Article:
The necessary information for an adequate development of human beings is contained in some “books” called genes; they are written in an “ink” called DNA. Our total number of genes is found in the 46 chromosomes that we inherit from our parents, and it should have no excesses or deficiencies, since these could cause serious diseases and malformations, and even put our life in danger.
Human embryos have a high rate of chromosomal alterations, especially in the case of couples with fertility problems, such as recurrent miscarriages and implantation failures. For this reason, when we are in the In Vitro Fertilisation (IVF) laboratory with a couple’s embryos, we already know it is very likely that many of them are chromosomally abnormal.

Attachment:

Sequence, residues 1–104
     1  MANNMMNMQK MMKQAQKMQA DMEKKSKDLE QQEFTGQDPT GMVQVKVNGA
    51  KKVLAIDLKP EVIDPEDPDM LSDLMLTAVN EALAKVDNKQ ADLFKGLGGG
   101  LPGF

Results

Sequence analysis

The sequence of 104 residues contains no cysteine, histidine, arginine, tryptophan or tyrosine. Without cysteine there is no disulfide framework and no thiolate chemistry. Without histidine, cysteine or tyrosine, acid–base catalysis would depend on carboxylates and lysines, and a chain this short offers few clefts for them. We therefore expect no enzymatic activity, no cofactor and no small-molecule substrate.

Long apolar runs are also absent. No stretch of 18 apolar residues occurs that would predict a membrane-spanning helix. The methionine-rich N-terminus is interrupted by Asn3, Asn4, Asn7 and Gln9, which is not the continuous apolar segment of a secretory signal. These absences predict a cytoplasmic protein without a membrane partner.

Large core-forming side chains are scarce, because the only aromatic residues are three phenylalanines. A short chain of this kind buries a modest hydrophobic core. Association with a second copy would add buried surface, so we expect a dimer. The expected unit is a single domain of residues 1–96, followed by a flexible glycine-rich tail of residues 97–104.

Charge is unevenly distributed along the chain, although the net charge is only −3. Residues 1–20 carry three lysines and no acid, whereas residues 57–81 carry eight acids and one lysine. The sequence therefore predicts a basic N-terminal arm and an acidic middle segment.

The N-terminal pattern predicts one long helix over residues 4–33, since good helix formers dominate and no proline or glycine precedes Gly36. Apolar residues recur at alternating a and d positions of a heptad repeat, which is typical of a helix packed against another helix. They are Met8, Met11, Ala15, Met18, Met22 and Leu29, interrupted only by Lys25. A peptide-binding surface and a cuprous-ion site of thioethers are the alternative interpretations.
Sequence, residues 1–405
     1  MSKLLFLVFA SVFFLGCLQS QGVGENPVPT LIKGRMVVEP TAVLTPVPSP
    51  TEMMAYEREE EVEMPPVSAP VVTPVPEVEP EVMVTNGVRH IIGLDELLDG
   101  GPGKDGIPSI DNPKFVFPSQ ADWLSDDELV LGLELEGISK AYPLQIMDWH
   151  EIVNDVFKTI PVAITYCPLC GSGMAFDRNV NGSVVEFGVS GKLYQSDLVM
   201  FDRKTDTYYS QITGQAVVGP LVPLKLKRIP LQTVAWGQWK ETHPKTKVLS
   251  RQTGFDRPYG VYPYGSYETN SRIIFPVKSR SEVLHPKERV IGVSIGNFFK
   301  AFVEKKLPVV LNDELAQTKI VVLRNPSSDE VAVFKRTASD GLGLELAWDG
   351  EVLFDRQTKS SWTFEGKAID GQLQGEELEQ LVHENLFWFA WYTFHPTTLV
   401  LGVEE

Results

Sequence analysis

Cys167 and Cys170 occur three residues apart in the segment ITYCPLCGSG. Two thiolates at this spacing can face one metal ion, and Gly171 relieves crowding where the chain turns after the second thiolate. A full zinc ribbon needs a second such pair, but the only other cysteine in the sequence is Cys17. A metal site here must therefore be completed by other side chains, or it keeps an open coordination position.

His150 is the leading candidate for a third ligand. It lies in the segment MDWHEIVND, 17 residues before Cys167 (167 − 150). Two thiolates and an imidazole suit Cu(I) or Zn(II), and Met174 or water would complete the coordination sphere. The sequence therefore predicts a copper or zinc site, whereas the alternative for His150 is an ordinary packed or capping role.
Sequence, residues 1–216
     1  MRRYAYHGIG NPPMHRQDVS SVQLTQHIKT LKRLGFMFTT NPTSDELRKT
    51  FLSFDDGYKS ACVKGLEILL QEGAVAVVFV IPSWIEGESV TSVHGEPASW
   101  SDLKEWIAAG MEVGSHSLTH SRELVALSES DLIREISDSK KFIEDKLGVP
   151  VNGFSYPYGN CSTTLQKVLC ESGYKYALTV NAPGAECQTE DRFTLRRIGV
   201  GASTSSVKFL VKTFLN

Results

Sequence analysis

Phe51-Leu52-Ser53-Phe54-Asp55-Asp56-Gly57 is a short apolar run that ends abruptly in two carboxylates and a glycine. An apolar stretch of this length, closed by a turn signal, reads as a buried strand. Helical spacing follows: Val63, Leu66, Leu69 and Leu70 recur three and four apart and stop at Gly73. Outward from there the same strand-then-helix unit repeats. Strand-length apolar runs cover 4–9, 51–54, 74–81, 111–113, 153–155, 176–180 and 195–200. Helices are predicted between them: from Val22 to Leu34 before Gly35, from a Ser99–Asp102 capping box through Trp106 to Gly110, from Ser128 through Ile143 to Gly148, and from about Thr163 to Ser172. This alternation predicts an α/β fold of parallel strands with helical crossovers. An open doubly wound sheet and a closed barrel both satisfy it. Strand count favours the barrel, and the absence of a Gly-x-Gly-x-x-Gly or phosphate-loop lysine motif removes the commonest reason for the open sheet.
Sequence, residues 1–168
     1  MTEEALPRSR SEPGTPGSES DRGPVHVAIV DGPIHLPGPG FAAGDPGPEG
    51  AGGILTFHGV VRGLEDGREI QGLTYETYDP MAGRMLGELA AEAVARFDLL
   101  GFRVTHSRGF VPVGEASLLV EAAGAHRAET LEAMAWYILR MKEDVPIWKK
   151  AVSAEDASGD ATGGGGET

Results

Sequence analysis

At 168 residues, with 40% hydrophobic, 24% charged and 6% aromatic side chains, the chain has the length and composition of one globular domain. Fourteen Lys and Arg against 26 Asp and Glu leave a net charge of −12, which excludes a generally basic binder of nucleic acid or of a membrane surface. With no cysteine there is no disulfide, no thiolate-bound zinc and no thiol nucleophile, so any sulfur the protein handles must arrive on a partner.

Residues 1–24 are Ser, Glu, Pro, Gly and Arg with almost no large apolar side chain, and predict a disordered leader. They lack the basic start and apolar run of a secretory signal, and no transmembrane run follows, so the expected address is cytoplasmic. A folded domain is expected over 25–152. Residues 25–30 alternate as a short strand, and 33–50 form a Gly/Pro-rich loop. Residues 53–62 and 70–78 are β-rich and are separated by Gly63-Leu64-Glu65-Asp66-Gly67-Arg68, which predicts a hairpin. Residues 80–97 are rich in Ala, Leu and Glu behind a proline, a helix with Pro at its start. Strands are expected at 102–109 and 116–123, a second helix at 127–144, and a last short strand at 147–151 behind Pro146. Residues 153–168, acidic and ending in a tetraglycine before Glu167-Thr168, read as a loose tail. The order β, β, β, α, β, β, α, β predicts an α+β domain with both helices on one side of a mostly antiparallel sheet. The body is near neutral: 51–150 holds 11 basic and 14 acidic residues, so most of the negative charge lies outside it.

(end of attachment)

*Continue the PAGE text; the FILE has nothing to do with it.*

Only embryos with no excesses or deficiencies in their DNA have the capacity to produce a healthy newborn. Therefore, by identifying and selecting an embryo with a full chromosome count, we manage to guarantee that the embryo has maximum capacity to produce a healthy child. […]